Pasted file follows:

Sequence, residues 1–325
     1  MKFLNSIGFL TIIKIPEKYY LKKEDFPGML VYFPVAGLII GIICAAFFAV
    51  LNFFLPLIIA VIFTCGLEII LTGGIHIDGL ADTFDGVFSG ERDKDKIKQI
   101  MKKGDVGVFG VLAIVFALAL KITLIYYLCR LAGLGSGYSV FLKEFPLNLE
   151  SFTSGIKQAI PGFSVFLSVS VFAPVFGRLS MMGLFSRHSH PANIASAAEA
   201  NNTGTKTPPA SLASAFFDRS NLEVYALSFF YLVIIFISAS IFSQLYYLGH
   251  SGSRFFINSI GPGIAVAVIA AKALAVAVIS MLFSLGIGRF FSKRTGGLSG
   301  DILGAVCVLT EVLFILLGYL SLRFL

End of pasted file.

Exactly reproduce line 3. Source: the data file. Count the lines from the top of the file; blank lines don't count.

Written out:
    51  LNFFLPLIIA VIFTCGLEII LTGGIHIDGL ADTFDGVFSG ERDKDKIKQI